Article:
European Union Pursues Microsoft on Abuses

Referring to new evidence in its investigation of Microsoft’s anticompetitive practices, the European Union’s commission in Washington, D.C., has offered the software company one last opportunity to respond before pursuing remedies.

The European Commission, which has conducted an antitrust probe of Microsoft for about five years, said new evidence from consumers, suppliers and competitors indicates the software company is stifling competition by denying interoperability in the low-end server market and by tying Windows Media Player to the Windows operating system.

In a statement, EU Competition Commissioner Mario Monti said the body is giving Microsoft a “last opportunity” to comment before conclusion of the case, which is likely to result in such remedies as code disclosure obligations and untying the media player from the operating system.

Yankee Group senior analyst Laura DiDio, who said she views the EU actions as part of a larger anti-Microsoft movement, told TechNewsWorld that the European Commission and the software company are unlikely to find common ground.

“It’s a case of unstoppable force meets immovable object,” DiDio said. “I’m unsure what, if anything, Microsoft could do to satisfy [the European Union] that Microsoft would see as viable.”

Additional Evidence

The European Commission Delegation in Washington, D.C., said additional evidence it gathered “confirms and in many respects bolsters” earlier findings about Microsoft’s anticompetitive behavior.

“In light of this evidence, the Commission’s preliminary conclusion is that Microsoft’s abuses are still ongoing,” said a statement from the Commission.

The Commission reported contact with a cross-section of small, medium and large companies, which were queried on whether interoperability considerations and nondisclosures from Microsoft were a factor in purchasing choices.

“An overwhelming majority of customers responding to this market inquiry highlighted that Microsoft’s nondisclosure of interface information — necessary for competing servers to talk properly with Windows PCs and servers — did indeed artificially alter their choice in favor of Microsoft’s server products,” the EU statement said. “This behavior is detrimental to competition on the merits.”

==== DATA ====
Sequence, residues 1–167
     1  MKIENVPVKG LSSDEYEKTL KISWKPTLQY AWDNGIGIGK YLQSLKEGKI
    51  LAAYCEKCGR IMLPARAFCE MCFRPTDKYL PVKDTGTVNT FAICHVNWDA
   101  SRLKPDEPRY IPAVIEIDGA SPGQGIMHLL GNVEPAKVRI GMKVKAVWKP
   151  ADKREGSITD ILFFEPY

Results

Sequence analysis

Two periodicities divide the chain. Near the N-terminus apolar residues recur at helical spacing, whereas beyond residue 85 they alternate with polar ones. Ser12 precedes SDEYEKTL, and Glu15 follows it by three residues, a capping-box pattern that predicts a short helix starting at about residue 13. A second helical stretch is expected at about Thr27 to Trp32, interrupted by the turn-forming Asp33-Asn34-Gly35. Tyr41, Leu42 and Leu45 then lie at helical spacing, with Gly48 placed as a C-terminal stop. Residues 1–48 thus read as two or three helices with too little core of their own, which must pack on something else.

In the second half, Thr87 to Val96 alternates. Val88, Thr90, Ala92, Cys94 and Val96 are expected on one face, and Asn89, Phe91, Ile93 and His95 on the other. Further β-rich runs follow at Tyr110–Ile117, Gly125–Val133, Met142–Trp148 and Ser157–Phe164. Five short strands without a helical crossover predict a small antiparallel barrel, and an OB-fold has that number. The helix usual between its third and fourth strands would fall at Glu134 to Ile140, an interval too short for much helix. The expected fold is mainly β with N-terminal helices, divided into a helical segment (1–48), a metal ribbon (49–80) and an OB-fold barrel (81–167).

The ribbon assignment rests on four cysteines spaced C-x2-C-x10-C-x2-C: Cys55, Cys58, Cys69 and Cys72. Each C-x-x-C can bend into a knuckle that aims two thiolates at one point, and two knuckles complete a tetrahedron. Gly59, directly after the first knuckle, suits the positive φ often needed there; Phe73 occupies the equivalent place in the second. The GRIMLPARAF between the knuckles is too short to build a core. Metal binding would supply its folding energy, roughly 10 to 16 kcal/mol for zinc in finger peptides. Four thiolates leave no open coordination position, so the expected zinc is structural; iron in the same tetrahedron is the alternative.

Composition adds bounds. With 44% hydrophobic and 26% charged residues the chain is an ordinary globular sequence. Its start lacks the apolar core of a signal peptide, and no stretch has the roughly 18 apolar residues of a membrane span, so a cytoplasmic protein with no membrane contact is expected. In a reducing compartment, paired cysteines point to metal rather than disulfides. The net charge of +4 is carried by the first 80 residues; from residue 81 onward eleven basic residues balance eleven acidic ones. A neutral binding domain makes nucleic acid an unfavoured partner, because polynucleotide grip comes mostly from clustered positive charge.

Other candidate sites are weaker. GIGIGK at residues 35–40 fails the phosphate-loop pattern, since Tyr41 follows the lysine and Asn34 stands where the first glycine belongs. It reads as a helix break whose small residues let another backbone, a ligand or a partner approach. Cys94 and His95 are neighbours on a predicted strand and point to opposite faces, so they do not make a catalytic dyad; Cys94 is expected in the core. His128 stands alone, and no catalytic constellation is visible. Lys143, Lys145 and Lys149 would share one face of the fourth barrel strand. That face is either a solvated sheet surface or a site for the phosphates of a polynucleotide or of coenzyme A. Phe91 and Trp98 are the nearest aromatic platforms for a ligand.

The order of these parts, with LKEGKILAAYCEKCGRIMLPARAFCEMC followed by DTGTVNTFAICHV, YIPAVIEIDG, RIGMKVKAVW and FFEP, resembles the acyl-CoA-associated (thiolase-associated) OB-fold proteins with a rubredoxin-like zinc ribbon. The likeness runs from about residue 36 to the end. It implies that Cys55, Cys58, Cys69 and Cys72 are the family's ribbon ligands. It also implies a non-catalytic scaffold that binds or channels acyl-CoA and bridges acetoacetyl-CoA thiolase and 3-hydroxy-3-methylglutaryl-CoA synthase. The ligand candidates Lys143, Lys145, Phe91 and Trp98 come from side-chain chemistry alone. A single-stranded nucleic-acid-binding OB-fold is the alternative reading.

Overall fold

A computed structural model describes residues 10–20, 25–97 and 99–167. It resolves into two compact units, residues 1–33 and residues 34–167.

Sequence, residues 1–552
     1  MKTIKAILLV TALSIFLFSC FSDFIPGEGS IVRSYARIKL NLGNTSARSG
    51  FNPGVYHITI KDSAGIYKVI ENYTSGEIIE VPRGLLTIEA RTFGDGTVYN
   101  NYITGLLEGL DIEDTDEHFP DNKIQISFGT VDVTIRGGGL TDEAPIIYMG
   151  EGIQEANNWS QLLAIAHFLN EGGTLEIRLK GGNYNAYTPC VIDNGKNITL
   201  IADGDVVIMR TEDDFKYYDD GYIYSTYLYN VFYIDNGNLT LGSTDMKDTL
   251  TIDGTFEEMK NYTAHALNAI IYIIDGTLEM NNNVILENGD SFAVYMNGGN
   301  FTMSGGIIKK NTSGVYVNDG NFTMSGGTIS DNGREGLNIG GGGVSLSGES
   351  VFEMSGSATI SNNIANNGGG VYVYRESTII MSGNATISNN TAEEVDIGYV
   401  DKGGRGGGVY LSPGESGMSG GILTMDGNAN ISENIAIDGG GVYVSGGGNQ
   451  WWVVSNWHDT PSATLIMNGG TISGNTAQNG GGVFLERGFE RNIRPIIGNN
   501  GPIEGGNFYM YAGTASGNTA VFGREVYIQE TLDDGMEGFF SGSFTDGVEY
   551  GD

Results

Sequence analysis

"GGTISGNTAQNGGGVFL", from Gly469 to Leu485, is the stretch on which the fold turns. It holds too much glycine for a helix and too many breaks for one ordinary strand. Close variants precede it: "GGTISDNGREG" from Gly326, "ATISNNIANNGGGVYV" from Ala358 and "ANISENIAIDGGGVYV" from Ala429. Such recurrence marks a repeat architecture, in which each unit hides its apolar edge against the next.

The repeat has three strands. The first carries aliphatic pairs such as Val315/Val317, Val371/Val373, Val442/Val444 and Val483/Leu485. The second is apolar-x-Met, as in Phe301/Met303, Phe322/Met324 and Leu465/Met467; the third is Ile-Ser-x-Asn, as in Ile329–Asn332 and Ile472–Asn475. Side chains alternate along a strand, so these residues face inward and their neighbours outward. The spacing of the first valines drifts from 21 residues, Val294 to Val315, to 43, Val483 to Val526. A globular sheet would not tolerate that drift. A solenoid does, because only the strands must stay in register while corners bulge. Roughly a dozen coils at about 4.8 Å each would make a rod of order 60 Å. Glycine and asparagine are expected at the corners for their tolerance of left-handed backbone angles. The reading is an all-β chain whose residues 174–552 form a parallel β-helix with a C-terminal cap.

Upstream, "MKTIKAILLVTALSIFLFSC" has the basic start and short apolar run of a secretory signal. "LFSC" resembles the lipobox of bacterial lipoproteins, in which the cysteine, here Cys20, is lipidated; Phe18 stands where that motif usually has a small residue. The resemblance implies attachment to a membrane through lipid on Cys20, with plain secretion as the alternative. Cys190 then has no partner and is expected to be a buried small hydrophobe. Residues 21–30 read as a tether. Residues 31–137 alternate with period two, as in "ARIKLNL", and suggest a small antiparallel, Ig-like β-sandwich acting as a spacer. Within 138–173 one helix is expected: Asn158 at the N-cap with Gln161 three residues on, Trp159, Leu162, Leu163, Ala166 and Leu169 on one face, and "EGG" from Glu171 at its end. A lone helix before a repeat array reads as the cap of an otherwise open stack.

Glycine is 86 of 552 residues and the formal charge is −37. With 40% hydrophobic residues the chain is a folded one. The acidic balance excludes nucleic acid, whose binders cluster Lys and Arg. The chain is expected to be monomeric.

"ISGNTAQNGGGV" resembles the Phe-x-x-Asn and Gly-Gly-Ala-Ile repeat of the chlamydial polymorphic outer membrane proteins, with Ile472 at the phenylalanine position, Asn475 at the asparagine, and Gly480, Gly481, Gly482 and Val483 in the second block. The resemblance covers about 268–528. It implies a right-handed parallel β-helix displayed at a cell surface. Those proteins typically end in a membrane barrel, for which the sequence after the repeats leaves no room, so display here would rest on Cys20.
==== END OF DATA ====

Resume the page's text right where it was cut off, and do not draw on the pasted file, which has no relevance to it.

DiDio said the reference to new evidence is significant for Microsoft, which already has made concessions, including code disclosures. However, she noted, the software company is unlikely to do everything the Commission is requesting.

Last Chance

While the Commission put forth remedies that include code disclosures, untying the media player and a “must-carry provision” that covers other media players, it is still giving Microsoft a chance to respond to the accusations.

“At this stage, Microsoft is able to take last-ditch efforts to comment on the Statement of Objections,” EC Washington D.C. Delegation spokesperson Wilfried Schneider told TechNewsWorld. “They can now comment and say, ‘This is wrong — we’re doing something about it,’ or, ‘Here is what we plan to remedy.'”

Although he cautioned that he could provide no definite timelines, Schneider said the Commission’s case is in the final stages and could be concluded by the end of 2003.

Taking It Seriously

Despite surviving findings of monopolistic practices with relatively minor changes to its software and procedures in the U.S. antitrust case, Microsoft is still working toward resolution with the European Union, Microsoft company spokesperson Jim Desler told TechNewsWorld.

“We take this investigation very seriously and continue to maintain a dialogue that will allow a positive resolution to the Commission’s concerns,” Desler said.

For her part, DiDio said the case with the Commission, which likely views the U.S. outcome as a slap on the wrist, is critical to Microsoft’s business with European accounts.

Wave Against Windows

DiDio also said the Commission’s action highlights growing anti-Microsoft sentiment and increasing industry support for the open-source movement, particularly among European governments.

“There has been a groundswell of support for the open-source market by the government agencies,” DiDio noted. “This is all part of the same wave of anti-Microsoft sentiment, and the wave hasn’t hit the beach yet. I think it’s still cresting.”

She referred to the city of Munich, Germany, which chose to go with a Linux deployment despite an attractive offer from Microsoft CEO Steve Ballmer.

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